Know your rights

Q. I’m a landlord and paranormal investigator. I have had a lot of people ask me this question: If someone is murdered or dies in a house or apartment, does the landlord have to tell potential tenants about paranormal activity? I know when something like this happens, the spirit can stay there and make noises, like doors shutting, footsteps and names being called. Does the landlord have to disclose this information? Also, if the landlord knows that one of the houses has paranormal activity going on, is it legal for him to charge more?

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Q. I owe a lot of money and can’t pay my bills. My largest debt is for a student loan. I have been told that even if I file bankruptcy, I will still owe my student loans. Is this true?

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Q. I am moving out of my apartment. I know a landlord cannot deduct from a security deposit for “normal wear and tear.” What is normal wear and tear? Does the statute have a definition?

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Q. Is it lawful for a landlord to request a walk through every four months as part of a lease for a rental property? I’ve leased several homes and I have never had a landlord even suggest something like this. I feel like my privacy would be violated if I agreed to this. Therefore, I’m contemplating not signing the lease.

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Q. I had a divorce in January 2012. In the decree, a 2012 Toyota Corolla was awarded to my ex-wife. When we bought the car, it was in her name as the buyer and mine as the co-buyer. My ex-wife had been doing very well, making all the payments on this car, until April of this year. I thought my attorney had sent Toyota finance the divorce decree to show she was liable for all future payments.

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Q. I recently had a small fire in my apartment. I think it was caused by the new clothes dryer I had installed. The landlord collected for the damage to his building from his insurance company. Now the insurance company is coming after me for $60,000 because of a clause in my lease. This fire was not my fault. How can I be sued?

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Q. My father recently passed. Question is, he had made a will with a lawyer but never had it registered. Is the will still valid? What happens if he did not have a will? Does all the property go to the state?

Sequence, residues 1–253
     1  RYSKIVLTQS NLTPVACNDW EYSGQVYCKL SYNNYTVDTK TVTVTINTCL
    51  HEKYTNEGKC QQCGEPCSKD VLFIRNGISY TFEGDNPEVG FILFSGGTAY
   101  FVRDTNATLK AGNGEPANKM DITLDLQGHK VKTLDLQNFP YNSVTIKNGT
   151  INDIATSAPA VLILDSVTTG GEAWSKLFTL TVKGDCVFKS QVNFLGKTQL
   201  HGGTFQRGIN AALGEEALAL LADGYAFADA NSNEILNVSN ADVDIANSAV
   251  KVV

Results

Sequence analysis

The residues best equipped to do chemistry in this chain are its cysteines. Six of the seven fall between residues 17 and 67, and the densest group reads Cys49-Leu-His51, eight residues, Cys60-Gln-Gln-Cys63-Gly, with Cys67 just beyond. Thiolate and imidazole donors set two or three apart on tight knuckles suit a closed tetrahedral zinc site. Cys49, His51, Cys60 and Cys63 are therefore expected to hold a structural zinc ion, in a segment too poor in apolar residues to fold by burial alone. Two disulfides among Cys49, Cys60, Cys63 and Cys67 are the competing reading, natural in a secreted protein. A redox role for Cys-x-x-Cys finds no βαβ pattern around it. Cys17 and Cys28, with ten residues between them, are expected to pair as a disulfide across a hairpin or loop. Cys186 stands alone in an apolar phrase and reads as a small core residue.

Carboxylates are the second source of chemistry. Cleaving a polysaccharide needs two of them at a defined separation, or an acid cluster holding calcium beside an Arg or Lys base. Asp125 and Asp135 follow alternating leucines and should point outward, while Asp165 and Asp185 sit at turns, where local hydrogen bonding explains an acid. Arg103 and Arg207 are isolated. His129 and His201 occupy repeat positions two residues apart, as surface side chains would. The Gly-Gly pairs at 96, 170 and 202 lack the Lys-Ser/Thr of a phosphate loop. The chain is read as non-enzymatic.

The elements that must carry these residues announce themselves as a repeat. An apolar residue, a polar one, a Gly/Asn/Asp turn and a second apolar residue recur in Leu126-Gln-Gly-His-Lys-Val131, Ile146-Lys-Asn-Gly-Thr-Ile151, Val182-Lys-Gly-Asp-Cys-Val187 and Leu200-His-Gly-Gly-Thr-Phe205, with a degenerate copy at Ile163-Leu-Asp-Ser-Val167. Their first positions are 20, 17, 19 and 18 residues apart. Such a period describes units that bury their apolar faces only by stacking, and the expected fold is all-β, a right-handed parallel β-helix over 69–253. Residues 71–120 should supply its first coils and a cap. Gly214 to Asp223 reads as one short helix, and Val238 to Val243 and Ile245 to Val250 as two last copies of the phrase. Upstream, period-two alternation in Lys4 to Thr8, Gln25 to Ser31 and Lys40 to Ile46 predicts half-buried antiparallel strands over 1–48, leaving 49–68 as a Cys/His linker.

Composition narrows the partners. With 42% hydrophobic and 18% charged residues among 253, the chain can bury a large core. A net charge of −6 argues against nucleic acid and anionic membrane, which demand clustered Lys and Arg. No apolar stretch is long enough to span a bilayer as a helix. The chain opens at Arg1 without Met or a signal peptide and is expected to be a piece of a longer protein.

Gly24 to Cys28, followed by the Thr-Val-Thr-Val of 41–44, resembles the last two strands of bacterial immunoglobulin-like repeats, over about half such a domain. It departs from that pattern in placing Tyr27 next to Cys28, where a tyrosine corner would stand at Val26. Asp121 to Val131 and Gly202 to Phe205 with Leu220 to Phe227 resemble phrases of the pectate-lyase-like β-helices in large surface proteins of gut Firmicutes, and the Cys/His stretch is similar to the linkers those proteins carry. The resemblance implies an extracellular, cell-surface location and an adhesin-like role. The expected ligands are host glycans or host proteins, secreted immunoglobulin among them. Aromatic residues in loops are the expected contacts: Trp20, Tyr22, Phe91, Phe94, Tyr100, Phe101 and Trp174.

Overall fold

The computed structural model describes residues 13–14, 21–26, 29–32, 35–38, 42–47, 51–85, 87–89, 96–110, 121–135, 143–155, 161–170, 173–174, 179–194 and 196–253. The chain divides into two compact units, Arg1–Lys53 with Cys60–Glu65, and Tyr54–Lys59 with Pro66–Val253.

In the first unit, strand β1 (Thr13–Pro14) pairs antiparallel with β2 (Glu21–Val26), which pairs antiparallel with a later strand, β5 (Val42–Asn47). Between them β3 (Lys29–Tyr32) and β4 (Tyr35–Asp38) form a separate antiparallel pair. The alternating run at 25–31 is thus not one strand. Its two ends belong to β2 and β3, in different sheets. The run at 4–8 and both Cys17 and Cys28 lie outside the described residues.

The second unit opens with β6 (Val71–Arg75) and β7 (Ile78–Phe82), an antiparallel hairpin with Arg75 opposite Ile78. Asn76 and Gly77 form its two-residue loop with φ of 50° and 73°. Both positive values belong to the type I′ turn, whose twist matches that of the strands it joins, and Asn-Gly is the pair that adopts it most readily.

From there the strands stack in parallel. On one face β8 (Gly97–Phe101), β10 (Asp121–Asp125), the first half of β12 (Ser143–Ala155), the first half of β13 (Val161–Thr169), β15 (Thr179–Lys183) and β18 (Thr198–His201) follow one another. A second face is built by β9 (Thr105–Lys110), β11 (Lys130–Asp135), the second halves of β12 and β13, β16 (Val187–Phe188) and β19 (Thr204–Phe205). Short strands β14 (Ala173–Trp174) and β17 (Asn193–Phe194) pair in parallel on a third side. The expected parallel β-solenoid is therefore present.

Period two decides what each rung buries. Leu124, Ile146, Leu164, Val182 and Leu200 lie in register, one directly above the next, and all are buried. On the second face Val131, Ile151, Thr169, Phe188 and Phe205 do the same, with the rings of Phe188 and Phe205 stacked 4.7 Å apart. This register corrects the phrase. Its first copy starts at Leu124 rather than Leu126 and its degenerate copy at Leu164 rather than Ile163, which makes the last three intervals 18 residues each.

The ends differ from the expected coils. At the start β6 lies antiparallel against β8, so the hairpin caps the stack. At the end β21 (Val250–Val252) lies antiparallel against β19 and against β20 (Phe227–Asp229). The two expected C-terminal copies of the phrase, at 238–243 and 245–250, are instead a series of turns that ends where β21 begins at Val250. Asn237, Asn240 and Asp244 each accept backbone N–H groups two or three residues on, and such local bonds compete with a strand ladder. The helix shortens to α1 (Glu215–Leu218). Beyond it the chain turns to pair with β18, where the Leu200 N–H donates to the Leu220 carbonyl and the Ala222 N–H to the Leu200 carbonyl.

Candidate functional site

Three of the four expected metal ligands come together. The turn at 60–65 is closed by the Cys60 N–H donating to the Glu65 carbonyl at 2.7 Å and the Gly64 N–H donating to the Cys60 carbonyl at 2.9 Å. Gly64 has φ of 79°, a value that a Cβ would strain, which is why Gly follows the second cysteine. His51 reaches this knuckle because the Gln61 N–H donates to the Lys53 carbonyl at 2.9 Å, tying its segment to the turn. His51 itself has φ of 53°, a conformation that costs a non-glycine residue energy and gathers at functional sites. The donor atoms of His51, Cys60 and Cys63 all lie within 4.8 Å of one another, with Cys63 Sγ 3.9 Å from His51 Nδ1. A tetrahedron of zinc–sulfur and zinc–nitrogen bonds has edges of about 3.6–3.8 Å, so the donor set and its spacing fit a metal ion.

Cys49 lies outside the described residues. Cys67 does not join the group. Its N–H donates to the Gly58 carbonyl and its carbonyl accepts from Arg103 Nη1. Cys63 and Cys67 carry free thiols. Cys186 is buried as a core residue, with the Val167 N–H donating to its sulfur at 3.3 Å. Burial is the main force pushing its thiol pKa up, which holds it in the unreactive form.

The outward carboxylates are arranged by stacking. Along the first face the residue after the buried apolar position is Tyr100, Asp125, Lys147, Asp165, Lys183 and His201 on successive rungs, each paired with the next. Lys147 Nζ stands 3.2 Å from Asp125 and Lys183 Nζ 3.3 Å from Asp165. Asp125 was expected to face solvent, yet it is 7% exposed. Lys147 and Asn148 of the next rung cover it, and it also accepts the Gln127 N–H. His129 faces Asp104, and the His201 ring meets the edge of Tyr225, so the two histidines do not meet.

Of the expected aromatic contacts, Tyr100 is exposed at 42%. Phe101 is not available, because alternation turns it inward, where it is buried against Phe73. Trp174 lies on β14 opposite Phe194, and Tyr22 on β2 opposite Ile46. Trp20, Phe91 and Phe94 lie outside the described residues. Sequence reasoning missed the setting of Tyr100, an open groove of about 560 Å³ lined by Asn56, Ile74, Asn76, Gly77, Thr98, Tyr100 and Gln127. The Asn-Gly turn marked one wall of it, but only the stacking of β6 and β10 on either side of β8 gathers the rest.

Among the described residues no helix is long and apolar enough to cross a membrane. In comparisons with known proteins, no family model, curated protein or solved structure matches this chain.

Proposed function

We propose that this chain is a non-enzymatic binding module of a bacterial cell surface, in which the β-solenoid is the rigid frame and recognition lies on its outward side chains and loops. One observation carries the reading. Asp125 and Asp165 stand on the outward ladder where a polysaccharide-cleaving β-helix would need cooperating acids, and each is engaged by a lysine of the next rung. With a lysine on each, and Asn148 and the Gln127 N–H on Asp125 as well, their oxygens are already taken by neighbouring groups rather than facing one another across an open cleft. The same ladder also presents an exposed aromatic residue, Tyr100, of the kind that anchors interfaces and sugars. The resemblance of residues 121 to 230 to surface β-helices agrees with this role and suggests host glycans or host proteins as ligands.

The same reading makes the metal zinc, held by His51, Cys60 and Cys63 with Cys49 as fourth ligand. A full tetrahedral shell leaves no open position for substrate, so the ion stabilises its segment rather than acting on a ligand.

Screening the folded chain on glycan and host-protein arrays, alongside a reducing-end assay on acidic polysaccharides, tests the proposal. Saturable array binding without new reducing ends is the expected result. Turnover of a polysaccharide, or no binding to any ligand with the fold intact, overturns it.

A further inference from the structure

A. A will is valid and enforceable once it is properly prepared and signed. In most cases, a will also is notarized. This is not necessary, but it does make it easier and less expensive to probate the will. A will, however, does not have to be filed or registered to be valid. The attorney may now file the will for probate.

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cracked windshield

Q. I was driving down the road when the large truck in front of me kicked up a small stone from the road into my windshield. I filed a claim with the owner of the truck, and it refused to pay. Do I have a case for small claims court? My friend was with me and can testify that she saw the stone thrown from the truck into my windshield.

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Q. I let a friend borrow the extra key to my apartment and he lost it. Can I require my landlord to change my locks?

A. Under the law, a landlord has an obligation to change the locks at his expense when a new tenant moves in. After that time, the landlord must change the locks whenever the tenant requests, as often as the tenant wants. The tenant, however, must pay the costs of installing the new locks. In other words, you can require your landlord to change your locks; however, you must pay the costs.

 

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Q. My son was hired as a mechanic’s assistant at $14 an hour. He told the supervisor that he had some experience, but he was willing to learn as he went along with the job. The supervisor was fine with this, and my son was given other duties as well. My son was very happy, always on time to work, apparently no problems. Last week he was called to the office and told they had hired a previous ex-employee to come back as the assistant. My son was given the option to go work in another job, but his pay would be reduced to $10 an hour. Is this legal?

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